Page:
Comparing simulations to observations of photochemical reactive gaseous pollutants above and downwind of Mexico City
Christopher L. Williams, SOARS/UCAR, Atlanta, GA; and D. McKenna
The magnitude of emissions associated with urban activities will increase as urban population increases. Prolonged exposure to air pollution can negatively affect humans and the environment. The goal of this research project is to examine how changes in urban emissions affect the concentration of chemical species above and downwind of Mexico City using the National Center for Atmospheric Research Master Mechanism (MM). First, the photolysis of nitrogen dioxide (NO2) was simulated. The result shows for a short time span an analytical solution can be used to approximate the rate of change of NO2 concentration when photolyzed, but for a longer time span a larger set of reactions must be taken into account. Next, the MM's simulation of photochemical reactions above and downwind of Mexico City was compared to concentration measurements of sampled air pollutants compiled in the MIRAGE-Mex field campaign database. Then a sensitivity test was conducted to reduce the urban emission of nitric oxide (NO) by reducing the NO urban emission by a factor of eight. The results of the MM simulation indicate significant disparities between air pollutant concentration partitioning as determined by the MM and air pollutant concentration measurements made above Mexico City. Overall, the MM does not yet reasonably simulate photochemistry above Mexico City. The results from this research project can be used to better understand which initial concentrations and values in the input files for MM need to be changed in order to obtain reasonable simulations of photochemistry above Mexico City.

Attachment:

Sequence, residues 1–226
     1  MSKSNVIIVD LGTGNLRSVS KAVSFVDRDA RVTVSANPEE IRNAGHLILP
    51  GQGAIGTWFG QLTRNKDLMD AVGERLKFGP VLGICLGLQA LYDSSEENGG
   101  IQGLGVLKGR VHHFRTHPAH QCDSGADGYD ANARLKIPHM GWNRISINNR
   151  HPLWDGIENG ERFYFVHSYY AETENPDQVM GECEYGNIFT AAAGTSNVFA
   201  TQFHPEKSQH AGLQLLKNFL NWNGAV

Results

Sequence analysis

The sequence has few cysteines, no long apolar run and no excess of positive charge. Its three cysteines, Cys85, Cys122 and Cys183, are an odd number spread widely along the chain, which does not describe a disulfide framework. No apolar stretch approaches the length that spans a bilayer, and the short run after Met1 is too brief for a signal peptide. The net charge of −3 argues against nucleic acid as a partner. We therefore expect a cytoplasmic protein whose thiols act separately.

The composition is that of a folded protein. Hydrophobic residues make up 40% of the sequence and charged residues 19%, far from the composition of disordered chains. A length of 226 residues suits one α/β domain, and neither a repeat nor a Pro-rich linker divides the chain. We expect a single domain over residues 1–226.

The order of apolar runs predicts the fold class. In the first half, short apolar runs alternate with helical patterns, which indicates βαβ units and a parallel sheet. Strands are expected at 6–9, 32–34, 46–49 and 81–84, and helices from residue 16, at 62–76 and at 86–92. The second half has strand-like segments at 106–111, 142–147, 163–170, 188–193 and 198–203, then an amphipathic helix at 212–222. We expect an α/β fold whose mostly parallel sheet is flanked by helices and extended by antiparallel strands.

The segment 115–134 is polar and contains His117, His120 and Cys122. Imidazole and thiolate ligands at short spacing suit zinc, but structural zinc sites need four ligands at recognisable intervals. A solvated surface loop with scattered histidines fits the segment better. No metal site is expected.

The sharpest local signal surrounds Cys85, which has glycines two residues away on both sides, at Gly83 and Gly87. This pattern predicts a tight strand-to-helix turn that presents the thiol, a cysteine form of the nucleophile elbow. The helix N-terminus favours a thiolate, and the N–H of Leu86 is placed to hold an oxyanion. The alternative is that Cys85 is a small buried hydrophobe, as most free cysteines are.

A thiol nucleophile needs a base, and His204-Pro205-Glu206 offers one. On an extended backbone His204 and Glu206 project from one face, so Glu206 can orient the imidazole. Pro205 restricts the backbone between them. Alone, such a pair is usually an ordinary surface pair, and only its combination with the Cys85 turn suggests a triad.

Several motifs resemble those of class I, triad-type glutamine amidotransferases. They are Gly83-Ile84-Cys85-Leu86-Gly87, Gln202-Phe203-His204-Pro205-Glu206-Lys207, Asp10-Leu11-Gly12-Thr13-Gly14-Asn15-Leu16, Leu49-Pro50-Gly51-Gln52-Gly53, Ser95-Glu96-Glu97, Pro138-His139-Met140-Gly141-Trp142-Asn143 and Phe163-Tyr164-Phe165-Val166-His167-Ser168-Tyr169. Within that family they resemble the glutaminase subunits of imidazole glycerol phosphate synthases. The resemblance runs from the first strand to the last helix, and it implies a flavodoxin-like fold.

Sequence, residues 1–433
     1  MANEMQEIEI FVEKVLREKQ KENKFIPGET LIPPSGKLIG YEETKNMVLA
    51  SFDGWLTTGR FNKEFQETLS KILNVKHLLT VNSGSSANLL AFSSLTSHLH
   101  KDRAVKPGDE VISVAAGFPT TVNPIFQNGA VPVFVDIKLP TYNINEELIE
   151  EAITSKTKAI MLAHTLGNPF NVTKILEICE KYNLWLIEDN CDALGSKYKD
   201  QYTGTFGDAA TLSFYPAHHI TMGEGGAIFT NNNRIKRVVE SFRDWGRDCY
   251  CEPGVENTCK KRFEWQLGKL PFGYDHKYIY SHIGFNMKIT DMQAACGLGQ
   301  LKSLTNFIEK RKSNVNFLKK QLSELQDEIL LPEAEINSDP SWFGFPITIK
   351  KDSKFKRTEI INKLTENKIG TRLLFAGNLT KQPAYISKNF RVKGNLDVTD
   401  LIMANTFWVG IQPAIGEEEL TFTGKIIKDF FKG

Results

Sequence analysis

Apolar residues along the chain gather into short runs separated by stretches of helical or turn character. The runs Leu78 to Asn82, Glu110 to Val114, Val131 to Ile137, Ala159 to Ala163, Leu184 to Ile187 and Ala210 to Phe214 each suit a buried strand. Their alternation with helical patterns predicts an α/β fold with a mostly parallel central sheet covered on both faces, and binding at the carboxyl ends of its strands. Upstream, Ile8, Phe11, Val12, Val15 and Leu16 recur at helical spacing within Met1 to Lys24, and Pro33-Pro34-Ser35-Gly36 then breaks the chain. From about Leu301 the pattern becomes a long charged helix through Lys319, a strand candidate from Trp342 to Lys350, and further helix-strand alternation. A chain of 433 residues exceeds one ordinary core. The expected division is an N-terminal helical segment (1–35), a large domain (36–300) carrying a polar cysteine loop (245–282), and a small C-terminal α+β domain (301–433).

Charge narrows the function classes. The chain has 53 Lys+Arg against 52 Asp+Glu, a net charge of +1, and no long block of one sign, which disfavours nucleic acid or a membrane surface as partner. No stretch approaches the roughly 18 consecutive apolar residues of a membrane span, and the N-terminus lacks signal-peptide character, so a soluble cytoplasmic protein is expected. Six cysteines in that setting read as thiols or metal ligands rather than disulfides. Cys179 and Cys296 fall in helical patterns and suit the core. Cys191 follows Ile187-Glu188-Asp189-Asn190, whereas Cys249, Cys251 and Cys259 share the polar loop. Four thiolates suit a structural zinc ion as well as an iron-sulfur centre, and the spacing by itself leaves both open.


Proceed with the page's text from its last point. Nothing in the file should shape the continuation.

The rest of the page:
Poster Session 1, Student Conference General Poster Session
Sunday, 20 January 2008, 5:30 PM-7:00 PM, Exhibit Hall B
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